The CSUB Student Health Services center offers the measles, mumps and rubella vaccine for students.

Tick. Tick. Tick. It’s just a matter of time until a case of the measles is reported in Kern County, or an infected visitor exposes others to the highly contagious disease.

More needs to be done – by the state and by all of us – to keep this highly contagious disease in check.

Just this week, moviegoers attending a midnight showing of the newly released “Avengers: Endgame” in an Orange County theater were exposed. It followed outbreaks at two Southern California universities.

Measles cases in the U.S. have surpassed 700 this year – the highest level in the U.S. since the disease was declared “eliminated” in 2000. As of May 1, there were 40 confirmed cases in California alone. Likely by the time you read this, there will be more.

The measles is not some benign “kid disease.” Before the measles vaccine was widely distributed, the disease hospitalized around 48,000 people and killed about 400 to 500 in the U.S. every year. Worldwide, about 110,000 people died of measles in 2017.

Most deaths are caused by complications that include blindness; encephalitis, which is an infection that causes brain swelling; severe diarrhea; dehydration; ear infections; and respiratory infections, such as pneumonia.

Particularly vulnerable to the disease are infants under 12 months old, who are not vaccinated; people with compromised immune systems, such as those undergoing chemotherapy; and unvaccinated pregnant women.

Bogus stories fanned by friends, as well as evil Internet trolls, some linked to Russia, claim vaccines harm children. They have convinced some parents not to vaccinate their children. This misinformation is being blamed for reducing vaccination rates in the U.S. and enabling the current outbreak.

For a variety of reasons, some people cannot be vaccinated. But if vaccination rates remain above 95 percent, a “herd protection” exists that blocks outbreaks. As more parents refuse to vaccinate their children, that protection disappears.

All 50 states require children to be vaccinated before being admitted to public schools, and California, Mississippi and West Virginia have eliminated religious and “personal” exemptions.

Led by state Sen. Richard Pan, a physician and Democrat from Sacramento, the state Legislature took that action in 2015 following a Disneyland-linked measles outbreak.

The ban resulted in the present spike of “medical exemptions,” with some unethical doctors signing off on fake exemptions for a price. Pan now proposes to follow the lead of West Virginia, which requires state health officials to approve medical exemptions.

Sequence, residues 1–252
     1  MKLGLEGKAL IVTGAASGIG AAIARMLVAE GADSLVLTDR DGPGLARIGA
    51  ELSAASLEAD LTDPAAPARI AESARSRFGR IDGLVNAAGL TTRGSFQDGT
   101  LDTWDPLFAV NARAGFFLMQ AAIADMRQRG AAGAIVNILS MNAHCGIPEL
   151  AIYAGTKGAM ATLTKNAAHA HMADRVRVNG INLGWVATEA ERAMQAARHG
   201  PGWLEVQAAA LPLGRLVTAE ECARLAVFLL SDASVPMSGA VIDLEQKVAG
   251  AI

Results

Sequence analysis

In the face of angry opposition from some parents, Pan’s SB 276 overwhelmingly passed the Senate Health Committee last month. It now must be approved by the Senate and Assembly before it becomes law.

Pan’s bill is a reasonable strategy to help protect Californians from a once-eliminated, deadly disease that has been resurrected by fear and misinformation.

It will require doctors’ recommendations to be approved by state health officials. A database of exemptions and recommending doctors will be created. Pan’s bill is co-sponsored by the California Medical Association, the American Academy of Pediatrics, California, and Vaccinate California.

Under SB 276, physicians will submit information to the California Department of Public Health, including the physician’s name and license number and the reason for the exemption. State health officials will ensure the exemptions meet the Center for Disease Control’s vaccination standards. The physician also must certify that they have examined the patient in person.

But combating measles is not a job left only to the state. Parents must vaccinate their children. Kern County schools, including Cal State Bakersfield, are recommending students, faculty and staff check their immunization records and receive all the appropriate vaccinations.

Parents should ask other parents about their children’s vaccinations. A “personal” decision made by one parent can have tragic consequences for others – including infants too young to be vaccinated, people with legitimate medical conditions.

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